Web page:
Emmanuel Center Girls' Camp
Educational summer camp providing a safe and empowering learning experience and safe alternative to female genital mutilation.
Each year, the Emmanuel Center provides an educational camp for girls during the season when female genital mutilation (FGM) is traditionally performed in the Kuria community. Safely away from the cutting ceremony, girls at the camp are taught about their options and opportunities beyond FGM and early marriage.
Help us fund the annual girls camp and support the Emmanuel Center to empower girls to protect their bodies and futures.
Images from the 2022 camp
About the project
The Kuria are one of a few tribes in Tanzania who still practice Female Genital Mutilation (FGM). Once this ritual is performed on a girl, she is considered “ready for marriage” and will command a higher bride price. At this point she often drops out of school to marry. Each two years, Kuria tribal elders stage a week-long ceremony to perform FGM on girls in the Gamasara community.
The Emmanuel Center girls’ camp is scheduled throughout that week, providing a safe and educational alternative for girls aged 9–13.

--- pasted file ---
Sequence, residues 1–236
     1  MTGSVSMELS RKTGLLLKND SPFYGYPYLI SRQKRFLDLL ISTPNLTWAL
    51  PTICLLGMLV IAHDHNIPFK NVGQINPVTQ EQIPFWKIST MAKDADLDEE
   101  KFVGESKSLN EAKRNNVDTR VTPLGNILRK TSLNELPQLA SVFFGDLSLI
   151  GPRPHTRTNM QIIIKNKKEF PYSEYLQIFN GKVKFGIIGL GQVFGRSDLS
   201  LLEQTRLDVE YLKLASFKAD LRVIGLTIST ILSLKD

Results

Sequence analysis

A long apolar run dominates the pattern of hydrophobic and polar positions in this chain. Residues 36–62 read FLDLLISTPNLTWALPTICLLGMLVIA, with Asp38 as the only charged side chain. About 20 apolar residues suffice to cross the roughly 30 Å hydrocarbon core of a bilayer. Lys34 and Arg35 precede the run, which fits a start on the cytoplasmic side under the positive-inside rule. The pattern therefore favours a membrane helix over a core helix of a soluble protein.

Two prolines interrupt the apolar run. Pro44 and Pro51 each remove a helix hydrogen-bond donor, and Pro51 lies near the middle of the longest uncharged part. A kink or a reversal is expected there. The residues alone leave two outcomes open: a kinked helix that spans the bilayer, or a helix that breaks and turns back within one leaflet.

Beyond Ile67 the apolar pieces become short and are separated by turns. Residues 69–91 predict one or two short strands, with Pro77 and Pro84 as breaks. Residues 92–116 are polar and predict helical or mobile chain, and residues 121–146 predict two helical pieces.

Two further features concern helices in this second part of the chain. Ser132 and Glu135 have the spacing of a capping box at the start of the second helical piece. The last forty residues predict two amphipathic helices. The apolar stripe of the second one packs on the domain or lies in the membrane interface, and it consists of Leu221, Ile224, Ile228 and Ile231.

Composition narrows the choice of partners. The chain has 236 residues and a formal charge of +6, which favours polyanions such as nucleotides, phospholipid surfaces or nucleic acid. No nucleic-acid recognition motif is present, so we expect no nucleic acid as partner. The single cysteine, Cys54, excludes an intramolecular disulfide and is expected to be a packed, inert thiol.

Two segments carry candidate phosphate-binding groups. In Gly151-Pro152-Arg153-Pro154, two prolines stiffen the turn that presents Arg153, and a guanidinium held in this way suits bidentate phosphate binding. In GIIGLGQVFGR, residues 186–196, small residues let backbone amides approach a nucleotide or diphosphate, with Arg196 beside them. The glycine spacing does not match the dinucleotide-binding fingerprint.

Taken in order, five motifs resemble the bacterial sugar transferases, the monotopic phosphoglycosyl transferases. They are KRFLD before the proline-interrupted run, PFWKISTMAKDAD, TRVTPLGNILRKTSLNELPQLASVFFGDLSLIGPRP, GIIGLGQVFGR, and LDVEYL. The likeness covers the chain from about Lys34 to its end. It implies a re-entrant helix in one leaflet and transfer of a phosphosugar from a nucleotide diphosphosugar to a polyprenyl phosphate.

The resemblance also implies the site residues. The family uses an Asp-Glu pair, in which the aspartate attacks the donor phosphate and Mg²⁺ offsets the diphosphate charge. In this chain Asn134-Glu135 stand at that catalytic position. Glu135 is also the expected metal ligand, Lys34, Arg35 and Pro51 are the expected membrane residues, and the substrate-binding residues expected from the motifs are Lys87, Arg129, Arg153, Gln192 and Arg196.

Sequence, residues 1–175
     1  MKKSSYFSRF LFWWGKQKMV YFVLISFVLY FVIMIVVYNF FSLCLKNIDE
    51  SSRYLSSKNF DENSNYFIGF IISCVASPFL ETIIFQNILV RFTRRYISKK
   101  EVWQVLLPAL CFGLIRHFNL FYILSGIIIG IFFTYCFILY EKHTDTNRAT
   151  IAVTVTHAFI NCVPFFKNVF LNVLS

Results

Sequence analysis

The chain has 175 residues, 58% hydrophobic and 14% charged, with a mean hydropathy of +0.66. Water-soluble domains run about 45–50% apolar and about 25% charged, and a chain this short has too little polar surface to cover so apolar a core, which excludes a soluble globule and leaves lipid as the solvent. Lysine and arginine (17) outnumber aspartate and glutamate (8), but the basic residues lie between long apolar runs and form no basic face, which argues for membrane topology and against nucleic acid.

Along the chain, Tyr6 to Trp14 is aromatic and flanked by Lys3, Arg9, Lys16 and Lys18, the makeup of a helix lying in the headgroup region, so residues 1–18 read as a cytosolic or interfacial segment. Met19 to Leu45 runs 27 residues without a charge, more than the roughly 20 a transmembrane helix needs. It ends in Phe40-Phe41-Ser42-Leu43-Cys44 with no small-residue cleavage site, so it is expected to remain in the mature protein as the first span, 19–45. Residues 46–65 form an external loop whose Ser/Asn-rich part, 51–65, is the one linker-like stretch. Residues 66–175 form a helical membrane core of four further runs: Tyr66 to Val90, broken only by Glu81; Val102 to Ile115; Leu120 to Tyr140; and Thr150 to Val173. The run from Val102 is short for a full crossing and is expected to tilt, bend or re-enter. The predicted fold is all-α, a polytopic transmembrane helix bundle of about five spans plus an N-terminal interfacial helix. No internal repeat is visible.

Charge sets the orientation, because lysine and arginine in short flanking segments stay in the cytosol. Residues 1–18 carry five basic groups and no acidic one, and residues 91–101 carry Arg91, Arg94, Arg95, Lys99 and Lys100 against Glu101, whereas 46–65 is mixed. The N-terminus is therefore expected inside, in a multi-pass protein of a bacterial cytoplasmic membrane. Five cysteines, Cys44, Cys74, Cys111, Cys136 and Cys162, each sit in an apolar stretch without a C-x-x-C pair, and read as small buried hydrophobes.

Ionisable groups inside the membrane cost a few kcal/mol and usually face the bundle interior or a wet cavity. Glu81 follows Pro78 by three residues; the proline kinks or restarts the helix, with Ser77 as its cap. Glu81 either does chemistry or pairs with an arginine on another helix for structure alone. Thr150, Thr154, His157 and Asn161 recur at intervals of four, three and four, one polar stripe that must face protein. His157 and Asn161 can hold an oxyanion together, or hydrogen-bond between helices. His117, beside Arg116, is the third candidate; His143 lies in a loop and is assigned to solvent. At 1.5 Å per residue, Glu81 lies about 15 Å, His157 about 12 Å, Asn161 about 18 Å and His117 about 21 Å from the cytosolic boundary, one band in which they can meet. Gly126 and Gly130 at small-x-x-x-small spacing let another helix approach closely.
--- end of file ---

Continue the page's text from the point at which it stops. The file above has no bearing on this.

The camp is hosted at King Emmanuel Primary School and the camp facilitators are women from the community. The camp involves classes and creative activities like crafts, plays and songs, with the aim of teaching girls about their own potential, opportunities and rights as women.
In 2018, the first camp was run with 83 girls. Since then, the Center has run a camp almost every year (including non-ceremony years), with increasing numbers of girls attending. It is still a challenge to get community support, but we committed to fund the 2022 camp to maintain this safe alternative, combat stigma against girls who chose not to undergo FGM, and show girls and their families there is another future for Kuria women.
Where your donation will go
The 2022 camp ran in December this year with 95 girls. Here’s where our donation went:
About the Emmanuel Center for Women and Children
Eric and Elizabeth Soard were working in the Gamasara community and were invited to a funeral service for a twelve-year old boy named Emmanuel who had died of malaria. They asked how it had happened, and heard this story.
Emmanuel’s father had three wives, but only treated his first wife and her children as family to be cared for. His mother, the second wife, had no power and no resources of her own, so tried in vain to convince the father to pay for malaria medicine. Emmanuel had died for a lack of medicine costing approximately $3.
Eric and Liz set up the Emmanuel Center to provide community education and development, through the ministry of the United Methodist Church. The Center offers a safe place to empower women to build self-advocacy particularly in the areas of income, health, and basic rights.